This year’s show has added significance for Kay and Patrick, as it will include a Nashville connection – emcee Nancy Posey (formerly of Lenoir) and several other Nashville-based musicians with Caldwell County ties. This year’s title for the Showcase – Heroes and Friends – is an apt phrase for their final Showcase, say Kay and Patrick, as others scheduled to perform include musicians who fall into one or both categories: Milan Miller; Tall Paul and Kristie featuring Paul and Kristie Bobal; and the Jon Boy ‘n Lefty Band whose members are Jonathan Doll, Kent “Lefty” Spears, Coty Robinett, Wes McCall, and, for this show, Andrew Massey.
Miller is the International Bluegrass Music Association (IBMA) 2020 Songwriter of the Year. According to his website, “In addition to his standout solo recordings, Milan’s songs have been recorded by some of the biggest names in bluegrass, including Balsam Range, Lonesome River Band, Steep Canyon Rangers, Terry Baucom, Tim O’Brien, Buddy Melton, Sam Bush, Missy Armstrong, Russell Moore & IIIrd Tyme Out, the Grascals and many others.” When interviewed, he had the number four song for the week and month, “Distractions” according to Bluegrass Today magazine.
Patrick says, “I met Milan Miller more than 20 years ago.” That was at the Christmas party that led to the development of the Showcase, so it is a reunion long in the making. He is also a periodical musical partner with them on trips to Ireland along with his wife, Melanie Reeves, Kay and Patrick, and Paul and Kristie Bobal. It was in Ireland that they picked up the informal name of “The Nashville Six.” Not all play music, but each plays a vital role. As Patrick points out, “Melanie is the road manager for sure.” Strictly Clean and Decent also played with Miller in Nashville.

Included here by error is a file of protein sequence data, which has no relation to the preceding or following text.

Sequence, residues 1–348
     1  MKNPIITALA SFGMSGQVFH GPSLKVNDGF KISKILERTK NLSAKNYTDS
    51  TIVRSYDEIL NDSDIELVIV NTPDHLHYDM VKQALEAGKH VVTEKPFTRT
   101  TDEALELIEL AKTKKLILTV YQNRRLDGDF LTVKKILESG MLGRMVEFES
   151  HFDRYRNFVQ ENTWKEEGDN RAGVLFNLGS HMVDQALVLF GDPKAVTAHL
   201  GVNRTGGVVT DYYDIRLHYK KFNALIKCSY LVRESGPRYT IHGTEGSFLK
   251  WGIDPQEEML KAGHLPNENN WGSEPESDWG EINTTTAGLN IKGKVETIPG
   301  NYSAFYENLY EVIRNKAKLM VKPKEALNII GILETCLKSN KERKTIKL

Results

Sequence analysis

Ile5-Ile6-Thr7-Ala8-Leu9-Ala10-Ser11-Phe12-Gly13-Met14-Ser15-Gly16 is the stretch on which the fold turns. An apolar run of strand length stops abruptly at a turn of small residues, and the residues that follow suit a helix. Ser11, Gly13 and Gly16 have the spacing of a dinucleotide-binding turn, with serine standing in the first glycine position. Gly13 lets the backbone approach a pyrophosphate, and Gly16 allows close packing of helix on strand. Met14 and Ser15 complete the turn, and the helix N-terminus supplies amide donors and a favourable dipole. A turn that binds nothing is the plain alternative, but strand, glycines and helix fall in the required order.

Patrick and Paul Bobal met at Appalachian State University in 1976. Bobal made his way to Nashville in 1978, though the two friends have kept up over the years.
Summarizing the styles of the musical guests for this year’s Showcase, Patrick shared, “Milan is known for very clever, well-written songs. Murder, lost love, novelty songs. Jon Boy and Lefty play American roots/blues,and original music about Happy Valley and Patterson. Tall Paul and Kristie have a new 11-track album, ‘Whiskey and Wine’. They also appeal to Parrot Heads (fans of Jimmy Buffett) with their brand of ‘Troprock’ music common in the Key West musical scene.” Kay added, “Tall Paul and Kristie are engaging. They bring unsurpassed joy.”
It is this enthusiasm for promoting other musicians that is the recipe for the success of the Showcase for a generation, and will be so in the future, say Kay and Patrick. They gush with praise for others that have been part of this tradition. Patrick shares, “To me the thing that inspires me the most is the cooperation and help we’ve received. Jeff Bentley (of the J.E. Broyhill Civic Center) is the number one advocate for the Showcase. He’s the fourth partner in the deal. He takes such pride in the show that he goes above and beyond, bringing in extra equipment, and extra people.” Patrick adds, “Jeff is forward thinking. He agrees that Andrew is the man for the job. That’s all the more reason to do it.”